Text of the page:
Why Engineer Kibuza sings like an old man

From stage names, to striking stage costume, even personalised registration plates on their cars, it is common practice for musicians and entertainers to come up with a selling gimmick to push their brand.
Kibuza sings about real life stories. (Moses Opobo)
Kibuza sings about real life stories. (Moses Opobo)

From stage names, to striking stage costume, even personalised registration plates on their cars, it is common practice for musicians and entertainers to come up with a selling gimmick to push their brand.

And upcoming singer Jean Paul Akirimari is no exception with regards to the issue of stage names – his is Engeneer Kibuza.

However, the stage name is not the most striking thing about him. Rather, it is Kibuza’s musical persona itself. He sings in a signature booming and shaky old man’s voice, passing off as a comedian rather than musician to sections of his fan base. He has also picked a few verbal fights with fellow musicians and radio presenters who insist he should drop the old man persona and go for his own natural voice.

Why act the old man?

But Kibuza is a stubborn young man and still insists on the old man’s booming voice whenever he hits the stage or studio:

“It is in 2010 when I started to sing in this voice. When I sing, I sing like an old man. Many people know me like an old man, but I’m not an old man. It is just my style of singing.”

At just 25 years of age, he is indeed not an old man. Which begs the question, why then does he sing like an old man?

“It is my way to be different from other artistes because many singers in Rwanda sing the stories about youth issues, and they use the same voice. That’s why I choose to use the voice of an old man to differentiate Kibuza from my fellow artistes. My target is the old people because they also like music, and in my compositions I use the wise words of old people.”

Story teller

Kibuza describes his style of music as Rwandan Hip Hop, and true to the genre, is more of a story-teller. In most of his songs, he deploys a talking style in his lyrical delivery, and for dramatic effect, packages his messages in the old man’s voice.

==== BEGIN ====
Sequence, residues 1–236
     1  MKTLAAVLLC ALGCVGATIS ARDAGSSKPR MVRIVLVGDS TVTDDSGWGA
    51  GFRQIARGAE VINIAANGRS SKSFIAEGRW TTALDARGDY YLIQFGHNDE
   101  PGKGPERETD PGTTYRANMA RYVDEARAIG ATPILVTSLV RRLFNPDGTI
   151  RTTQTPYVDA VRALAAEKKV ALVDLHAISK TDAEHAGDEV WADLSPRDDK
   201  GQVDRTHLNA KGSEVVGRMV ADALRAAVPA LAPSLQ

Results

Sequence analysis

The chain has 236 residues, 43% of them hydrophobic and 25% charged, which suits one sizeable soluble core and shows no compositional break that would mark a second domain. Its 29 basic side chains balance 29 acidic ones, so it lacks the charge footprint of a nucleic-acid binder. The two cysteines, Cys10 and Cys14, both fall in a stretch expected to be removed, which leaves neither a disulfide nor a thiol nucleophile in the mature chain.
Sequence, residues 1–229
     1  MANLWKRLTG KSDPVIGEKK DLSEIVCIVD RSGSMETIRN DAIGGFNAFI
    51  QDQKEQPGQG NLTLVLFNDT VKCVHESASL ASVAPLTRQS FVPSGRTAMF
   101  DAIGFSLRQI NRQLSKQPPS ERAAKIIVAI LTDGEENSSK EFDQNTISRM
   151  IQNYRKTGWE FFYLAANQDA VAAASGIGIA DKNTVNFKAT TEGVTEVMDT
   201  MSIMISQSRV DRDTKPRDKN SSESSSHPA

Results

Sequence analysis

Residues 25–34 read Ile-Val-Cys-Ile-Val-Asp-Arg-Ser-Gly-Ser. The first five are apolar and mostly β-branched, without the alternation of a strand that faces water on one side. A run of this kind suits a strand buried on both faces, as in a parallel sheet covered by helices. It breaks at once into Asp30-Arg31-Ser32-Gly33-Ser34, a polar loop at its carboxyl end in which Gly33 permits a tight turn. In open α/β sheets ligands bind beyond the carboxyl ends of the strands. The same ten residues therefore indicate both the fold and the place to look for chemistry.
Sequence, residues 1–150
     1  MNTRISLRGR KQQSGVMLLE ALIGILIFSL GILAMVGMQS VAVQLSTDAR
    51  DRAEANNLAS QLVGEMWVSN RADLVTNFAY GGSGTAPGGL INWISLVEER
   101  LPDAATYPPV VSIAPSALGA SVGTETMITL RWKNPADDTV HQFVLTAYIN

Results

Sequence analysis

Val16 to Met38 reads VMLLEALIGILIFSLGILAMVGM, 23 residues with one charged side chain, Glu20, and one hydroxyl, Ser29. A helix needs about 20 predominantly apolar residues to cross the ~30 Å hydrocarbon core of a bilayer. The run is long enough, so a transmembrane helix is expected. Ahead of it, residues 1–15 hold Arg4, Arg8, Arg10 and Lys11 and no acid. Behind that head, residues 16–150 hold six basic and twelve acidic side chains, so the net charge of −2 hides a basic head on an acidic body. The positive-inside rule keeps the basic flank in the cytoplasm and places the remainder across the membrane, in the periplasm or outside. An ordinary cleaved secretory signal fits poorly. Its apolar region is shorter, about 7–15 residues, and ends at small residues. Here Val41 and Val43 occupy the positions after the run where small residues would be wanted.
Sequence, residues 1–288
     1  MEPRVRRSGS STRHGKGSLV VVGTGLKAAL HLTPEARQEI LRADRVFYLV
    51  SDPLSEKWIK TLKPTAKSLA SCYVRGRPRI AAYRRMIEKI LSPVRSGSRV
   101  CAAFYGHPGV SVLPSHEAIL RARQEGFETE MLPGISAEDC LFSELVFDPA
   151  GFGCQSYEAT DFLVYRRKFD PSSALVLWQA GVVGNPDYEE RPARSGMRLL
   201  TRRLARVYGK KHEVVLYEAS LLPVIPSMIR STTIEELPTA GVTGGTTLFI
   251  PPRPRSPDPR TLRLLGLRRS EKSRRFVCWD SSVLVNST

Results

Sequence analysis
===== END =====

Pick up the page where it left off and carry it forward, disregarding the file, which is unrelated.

“From the beginning of my career, I was focused on talking about life stories in my music, and to give society the message which can help them in their everyday life.  That’s why I sing like an old man, because old age is a symbol of wisdom.”

A quick sample of a few of his more popular songs reveals just that.

His very first song, Umurage w’ab’ejo, released in 2010, explores the history of the country before and after colonialism — a rather daring and weighty subject for an upcoming musician. The song went on to become the lead single and title track to his first album,  which he finished in 2011. The nine-track album also had songs like; Ijambo ry’musaza, Umurage remix, (with Mako Nikoshwa), Event Rwanda, done in English and about the 1994 genocide against the Tutsi, and Kwibuka ni ukwiyubaka (remember, renew), featuring Munyanshoza, and also about the genocide.

Presently, he is putting final touches to his follow-up album, due for release later this year. Titled Umunyamahirwe, the lead song, the nine-track album already boasts such titles as;  Amateka aduhe umutekano (history gives security) — a collaboration with ten Rwandan artistes including; (Jean Paul Samputu, Mani Martin, The Rain Paul, Jody, Yvonne, Jozy, Yves Kays, Dolphin, and Umutare Gaby).

“What we were saying in this song is that we have to look to the past and then prepare for the future, and say never again genocide. It is a song used when we remember the 1994 Genocide against the Tutsi. Other titles on the album include; Ibaruwa y’Umuyobozi (letter of God’s authority), and Umunyarwanda.

Other high profile collaborations to his credit include; Umwali Ukwiye (girl of good character), a collabo with Kitoko, and Umunyamahirwe, with Mani Martin.

About the title track, Umunyamahirwe, he says: “It is talking about the situation when you love someone, and they love you back without any strings attached — like money, tribe, or employment status. It means you are the lucky one because it is your character that is appreciated.”

And he has dedicated the entire album to the cause of being proudly Rwandan. For this, he has a certificate of appreciation from the Ministry of Local Government (MINALOC) for the lead song, Umunyamahirwe, that he received from the ministry on January 29, 2014.

Inspiration, childhood

He is inspired by “the bad life of the Rwandan people in the past, and hopes in God’s intervention, because God can do everything which is impossible to the people.”

“I have done concerts in the different provinces of Rwanda with other professional artistes. I have been invited to different events in the country. In my career, I focus on doing music to give hope to the society to build the future.”

Born in 1989, in Gasabo district, Kacyiru sector, Kibuza first fell in love with music at the age of ten. By the time he was sixteen, he narrowed down his interest to “African music of artistes like Jose Chameleone, and South African artistes”.

The interview ends when he has to hop on a Motor taxi and rush off to Nyamirambo for a scheduled recording session. Otherwise, he is pacing the streets, knocking at the doors of telecom companies and the relevant government ministries with requests for sponsorship for his upcoming album launch, due in October. 

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